I'm going to try to keep this short. Shock Labyrinth
is a terrible movie. It's not terrible in the "oh, wow, I gotta see this," kinda way; it's terrible in the worst way, it's fucking boring. At no point during the film did I give a shit about any of the characters. I didn't know or care who was really dead, all I knew was that I wished I was by the time it's excruciating 87 minute runtime was done. Brutally uninteresting, extremely cheap looking, and confusing in a way that only awful j-horror can be. Shock Labyrinth
is a complete disaster.
It's not as though I don't like Takashi Shimizu. I have enjoyed several of his films, even though I've never been interested enough to seek out the more obscure stuff. I liked a couple of the Grudge movies, even the first US remake, and I liked Marebito
, but this is just unbearable. I bear no grudge against the man, he seems quite charming, and in spite of this terrible misstep, I believe he has genuine talent. It just makes is all the more confusing how he managed to churn out this dreck.
Long ago I was encouraged by my editors to eschew posting straight plot synopses, however, the one I found on IMDB (where the film enjoys a rather generous 3.9 rating, for what it's worth) pretty much sums the film up in the most concise way possible:
A group of teenagers take a sick to a hospital only to find out it is a horrific labyrinth.
Yup, that's about it. No, I don't care to elaborate.
The film is amateurish in every regard. The acting is awful and hammy, the production design is incredibly cheap looking, and the plotting is asinine. The one thing that really sunk the film for me was the incredibly poor look of the film. It looks like a cheap Mexican soap opera, not like a movie at all. The color grading is atrociously ugly, it appears to have been shot on video long before HD cameras became adequate for high quality presentation, and the 3D effects (I presume since I don't have access to a 3D TV) are extremely silly and at times very annoying.
Shimizu talks in the bonus material about how he wanted to create a film that used 3D to give the film depth rather than simply shoving things in the viewer's face. Though his idea may echo that of 3D acolyte James Cameron, Avatar,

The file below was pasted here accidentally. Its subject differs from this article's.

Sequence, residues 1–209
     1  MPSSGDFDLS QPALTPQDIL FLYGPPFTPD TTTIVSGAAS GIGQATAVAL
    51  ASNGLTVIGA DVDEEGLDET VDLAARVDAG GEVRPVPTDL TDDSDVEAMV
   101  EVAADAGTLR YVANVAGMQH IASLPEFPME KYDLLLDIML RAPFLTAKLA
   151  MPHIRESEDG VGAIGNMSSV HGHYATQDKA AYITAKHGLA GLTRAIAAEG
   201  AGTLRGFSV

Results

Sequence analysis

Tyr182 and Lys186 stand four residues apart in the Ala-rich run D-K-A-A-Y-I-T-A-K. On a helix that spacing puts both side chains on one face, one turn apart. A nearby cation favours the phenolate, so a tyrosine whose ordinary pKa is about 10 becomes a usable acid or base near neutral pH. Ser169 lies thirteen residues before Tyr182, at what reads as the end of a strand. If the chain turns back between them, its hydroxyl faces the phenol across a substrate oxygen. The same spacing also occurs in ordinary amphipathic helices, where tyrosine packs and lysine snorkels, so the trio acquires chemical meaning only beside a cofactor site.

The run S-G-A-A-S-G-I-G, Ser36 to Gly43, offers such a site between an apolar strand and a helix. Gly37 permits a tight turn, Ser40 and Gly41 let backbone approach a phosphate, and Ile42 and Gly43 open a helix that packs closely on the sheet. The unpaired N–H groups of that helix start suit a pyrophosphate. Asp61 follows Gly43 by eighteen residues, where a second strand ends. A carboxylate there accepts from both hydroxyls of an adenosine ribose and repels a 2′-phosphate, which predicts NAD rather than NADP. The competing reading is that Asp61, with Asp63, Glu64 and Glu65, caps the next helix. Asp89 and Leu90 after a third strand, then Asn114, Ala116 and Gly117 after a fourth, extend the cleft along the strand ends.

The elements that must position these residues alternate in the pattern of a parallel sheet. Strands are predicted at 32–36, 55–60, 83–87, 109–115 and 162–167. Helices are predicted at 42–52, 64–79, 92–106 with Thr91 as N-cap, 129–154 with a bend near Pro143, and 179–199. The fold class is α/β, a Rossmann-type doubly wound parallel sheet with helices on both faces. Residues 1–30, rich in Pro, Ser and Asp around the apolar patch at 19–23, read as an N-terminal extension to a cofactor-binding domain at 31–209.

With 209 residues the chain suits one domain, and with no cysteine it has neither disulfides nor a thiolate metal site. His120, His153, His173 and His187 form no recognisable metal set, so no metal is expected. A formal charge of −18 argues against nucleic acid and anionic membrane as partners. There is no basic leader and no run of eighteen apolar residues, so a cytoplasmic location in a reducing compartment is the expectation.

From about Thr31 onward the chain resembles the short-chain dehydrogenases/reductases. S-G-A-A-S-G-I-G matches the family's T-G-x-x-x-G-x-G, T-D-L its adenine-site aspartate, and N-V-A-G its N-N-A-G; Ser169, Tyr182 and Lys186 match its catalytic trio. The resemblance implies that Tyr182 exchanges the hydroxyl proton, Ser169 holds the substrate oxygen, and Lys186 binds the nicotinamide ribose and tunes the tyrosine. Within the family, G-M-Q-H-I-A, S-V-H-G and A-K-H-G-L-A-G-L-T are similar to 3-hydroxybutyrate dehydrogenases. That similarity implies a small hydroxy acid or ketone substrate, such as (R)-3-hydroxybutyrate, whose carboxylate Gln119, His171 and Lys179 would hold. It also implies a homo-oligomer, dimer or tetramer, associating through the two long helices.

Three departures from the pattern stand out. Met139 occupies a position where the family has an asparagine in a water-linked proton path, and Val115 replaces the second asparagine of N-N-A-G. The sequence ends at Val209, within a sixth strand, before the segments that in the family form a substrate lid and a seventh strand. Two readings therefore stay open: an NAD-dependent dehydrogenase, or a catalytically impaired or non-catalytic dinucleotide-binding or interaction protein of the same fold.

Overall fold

this ain't. His idea of giving the image depth is to constantly have a foreground layer of floating debris such as flying feathers, rain, or dust balls. All completely unnecessary, and all extremely irritating. Where the fuck did all of those feathers come from??
I've stretched this review out further than I had intended. The film deserves no more than what I've written. Honestly, if I never see Shock Labyrinth
again, it'll be too soon. It makes me wary of Rabbit Horror 3D
, since I'm not sure even Christopher Doyle can save this mess of an idea. Avoid.
Well Go USA, in spite of the film's awfulness, have managed to put together a decent presentation for the most part. I mentioned the film's poor production quality, and I don't think I can fault WGUSA for giving it their all. The film is presented in 2D and 3D on the Blu-ray disc and 2D only on the DVD. I don't have a 3D capable system, so all of my comments pertain to the 2D presentation. The film looks about as good as I expect it was supposed to, but I hate the look. The image goes back and forth from extremely contrasty in the nightmare Labyrinth to a dreamy, soft focus, high key look in the frequent flashback sequences. With all of the jumping around, it's hard to get a handle on what the film was supposed to look like, in the end I didn't really care anymore. The sound is pretty decent, again, my disinterest in the product did make me tune out a little, but I didn't notice any problems.
*Of note: I played Shock Labyrinth
on my main Blu-ray player and the last fifteen minutes were plagued by constant stuttering of the image and sound. I have a couple of back up players, however, and on the back-ups I encountered no such problems. The main player is running current firmware, so I'm not sure what the issue was, but I felt it appropriate to share anyway.Shock Labyrinth
includes a few interesting extra features, which were more engaging than the film by a long shot if only to admire the level of denial of everyone involved. Takashi Shimizu seemed to believe that he was a pioneer, breaking new ground and acting as a beacon to Japanese filmmakers with the film. I think he ended up more as a cautionary tale. The actors are equally deluded as to the quality of the film they were making. Films are really crafted in the editing room, so it's hard to fault the guys for their excitement, but in retrospect it sounds really silly.
I'm afraid I can't recommend this film at all. Ugh.